Hello humans! It feels like months since I read Vox, a book which publishes in just a few weeks. That’s actually because it has been months! I read this book back at the end of April when I was in Norway which is AAAAGES ago! But publishing dates are publishing dates and so this review (which I wrote shortly after reading it) is coming to you today!
Set in an America where half the population has been silenced, VOX is the harrowing, unforgettable story of what one woman will do to protect herself and her daughter.
On the day the government decrees that women are no longer allowed more than 100 words daily, Dr. Jean McClellan is in denial–this can’t happen here. Not in America. Not to her.
This is just the beginning.
Soon women can no longer hold jobs. Girls are no longer taught to read or write. Females no longer have a voice. Before, the average person spoke sixteen thousand words a day, but now women only have one hundred to make themselves heard.
But this is not the end.
For herself, her daughter, and every woman silenced, Jean will reclaim her voice.
I feel it’s important to start with the issue/question I always have for books that do anything to do with segregating an entire nation/country/world by gender which is that I have yet to find an example of such a book that addresses people who are transgender or non-binary and how they would fit in to such a society. I understand on one level why authors don’t engage with that discourse, but it always strikes me as concerning to not mention it at all. I had a similar issue with Eve of Man which was a YA title, but there are other examples out there. I had a quick hunt and there are some own voices reviews from people who are transgender on the Goodreads page for The Gender Game and if I find any more between now and pub date I’ll try and link them here.
Recognising that issue, I do think that this is a very interesting concept. The idea that women are only allowed to speak one hundred words a day is certainly a harrowing idea, especially as someone who talks a mile a minute. To have the main character be a scientist puts that even more into perspective. I thought that the way of life this necessitated (a ‘traditional’ (read sexist) housewife role) was best exemplified in the earlier parts of the novel, things felt a little more detached in the latter part which I think possibly meant a loss of perspective? While things were still clearly about all women, they felt very much centred on one or two, which made me a little less invested? It may just have been my perception of things.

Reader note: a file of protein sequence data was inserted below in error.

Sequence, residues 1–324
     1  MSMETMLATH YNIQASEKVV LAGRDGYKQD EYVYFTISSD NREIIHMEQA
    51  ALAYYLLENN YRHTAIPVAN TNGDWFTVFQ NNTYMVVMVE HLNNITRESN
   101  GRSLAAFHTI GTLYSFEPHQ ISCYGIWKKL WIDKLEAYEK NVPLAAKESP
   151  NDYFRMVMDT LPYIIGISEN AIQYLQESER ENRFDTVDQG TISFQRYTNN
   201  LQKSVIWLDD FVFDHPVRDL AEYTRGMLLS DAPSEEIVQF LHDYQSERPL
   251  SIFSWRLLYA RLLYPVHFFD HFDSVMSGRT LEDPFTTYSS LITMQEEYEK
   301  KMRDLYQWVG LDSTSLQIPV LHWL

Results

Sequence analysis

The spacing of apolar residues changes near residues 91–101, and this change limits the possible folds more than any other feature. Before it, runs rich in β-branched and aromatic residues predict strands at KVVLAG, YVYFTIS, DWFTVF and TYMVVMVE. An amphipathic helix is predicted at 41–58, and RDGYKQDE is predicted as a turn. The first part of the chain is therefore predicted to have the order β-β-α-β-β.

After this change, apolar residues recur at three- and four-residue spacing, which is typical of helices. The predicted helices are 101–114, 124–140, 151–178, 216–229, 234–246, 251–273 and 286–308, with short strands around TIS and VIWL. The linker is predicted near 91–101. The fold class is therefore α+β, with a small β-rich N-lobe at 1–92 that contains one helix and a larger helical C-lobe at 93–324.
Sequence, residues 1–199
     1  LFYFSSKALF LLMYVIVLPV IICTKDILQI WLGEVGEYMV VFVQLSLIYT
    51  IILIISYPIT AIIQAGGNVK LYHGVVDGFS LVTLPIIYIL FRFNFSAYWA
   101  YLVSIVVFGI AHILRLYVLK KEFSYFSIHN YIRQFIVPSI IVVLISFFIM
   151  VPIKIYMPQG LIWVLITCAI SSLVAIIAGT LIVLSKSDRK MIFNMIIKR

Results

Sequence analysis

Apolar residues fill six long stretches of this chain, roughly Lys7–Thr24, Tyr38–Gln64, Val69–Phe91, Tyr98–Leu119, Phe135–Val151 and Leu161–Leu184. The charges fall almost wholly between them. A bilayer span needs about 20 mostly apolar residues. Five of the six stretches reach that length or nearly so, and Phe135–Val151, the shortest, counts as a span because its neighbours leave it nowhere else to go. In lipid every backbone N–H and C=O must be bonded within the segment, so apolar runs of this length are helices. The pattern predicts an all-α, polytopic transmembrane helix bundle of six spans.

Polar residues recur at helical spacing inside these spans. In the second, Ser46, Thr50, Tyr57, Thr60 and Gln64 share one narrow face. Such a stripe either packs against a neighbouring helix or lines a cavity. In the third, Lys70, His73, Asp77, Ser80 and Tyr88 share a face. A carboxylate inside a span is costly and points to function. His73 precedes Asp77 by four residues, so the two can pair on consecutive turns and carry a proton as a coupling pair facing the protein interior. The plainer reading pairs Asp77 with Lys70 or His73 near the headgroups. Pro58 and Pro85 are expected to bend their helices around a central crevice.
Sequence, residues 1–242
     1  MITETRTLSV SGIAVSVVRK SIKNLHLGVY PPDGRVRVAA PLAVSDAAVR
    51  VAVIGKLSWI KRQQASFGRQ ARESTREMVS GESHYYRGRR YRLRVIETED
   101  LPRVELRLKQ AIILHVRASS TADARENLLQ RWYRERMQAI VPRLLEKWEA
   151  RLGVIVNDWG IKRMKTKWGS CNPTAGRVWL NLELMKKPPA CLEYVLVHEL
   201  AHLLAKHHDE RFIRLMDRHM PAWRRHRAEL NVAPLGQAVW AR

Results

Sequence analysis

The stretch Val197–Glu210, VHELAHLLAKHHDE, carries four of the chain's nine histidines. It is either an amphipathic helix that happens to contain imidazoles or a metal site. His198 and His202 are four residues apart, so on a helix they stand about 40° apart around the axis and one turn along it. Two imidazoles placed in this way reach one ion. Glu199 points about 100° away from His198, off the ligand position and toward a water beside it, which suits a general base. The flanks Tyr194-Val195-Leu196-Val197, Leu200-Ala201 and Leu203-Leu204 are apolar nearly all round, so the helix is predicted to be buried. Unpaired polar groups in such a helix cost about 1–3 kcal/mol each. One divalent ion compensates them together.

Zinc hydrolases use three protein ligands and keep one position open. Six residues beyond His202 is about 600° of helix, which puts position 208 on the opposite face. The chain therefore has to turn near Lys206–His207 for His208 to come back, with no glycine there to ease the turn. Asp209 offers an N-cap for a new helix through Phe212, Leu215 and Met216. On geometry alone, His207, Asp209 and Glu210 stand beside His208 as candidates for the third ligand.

One thing I found very impactful was the speed at which these changes had been made. Much like in The Handmaid’s Tale Jean can recall a time before these measures, a time which is recorded in a series of flashbacks. The timescale is even tighter than that of The Handmaid’s Tale with only a matter of years (and not very many). The sense that such extreme measures could come into place at such a pace is saddeningly not implausible. While we don’t get every detail of the political events that lead to the start of this book, there is a clear focus on the issue of being a bystander and the idea that doing so almost makes you an accomplice. In some ways this book could have felt very ‘white feminist’ but the inclusion of these flashbacks and the regret Jean feels made things seem somewhat more intersectional – though more can always be done.
Perhaps the most powerful dynamic in this story was that between Jean and her son. It was fascinating to see how Jean reacted (both initially and later on) to her son being taken in by the extremism and also seeing how her son develops within the story. It was a relationship that tugged at my heartstrings, that could have been a throwaway moment and instead was transformed into something more powerful. Of course, the mother-daughter relationship is of huge significance in a story such as this, but the mother-son also has an unexpected weight to it.
My one other issue with this book is one that I have had with many books similar to this (The Unit springs to mind as a good example) so it is more of a ‘straw that broke the camel’s back’ situation than a huge criticism of this book in particular. Why is it that in a dystopian novel (particularly in a dystopian novel marketed towards adults) in some way or another a huge portion of the plot will revolve around sex/an extra-marital affair/ a sudden romance or similar? I don’t always feel as though it serves the plot, and for me it makes me lose perspective, particularly in a story such as this one in which the fate of hundreds of women is at stake. I may be unique in the fact that it bothers me and if you love that plot point then that is wonderful, but in the spirit of honest reviews I thought it must be said.
If you like exploring the terrifying future we may one day be a part of then I would suggest picking up Vox, being aware of where it falls a little short, but still enjoying (or…something less happy) the story with this in mind.
My rating: 3/5 stars
I received a digital advanced review copy of this book from the publisher via NetGalley in exchange for an honest review. All opinions are my own.
What say you? Is there a great dystopian novel that addresses people who are transgender in a positive way (and is ownvoices)? Let me know in the comments below!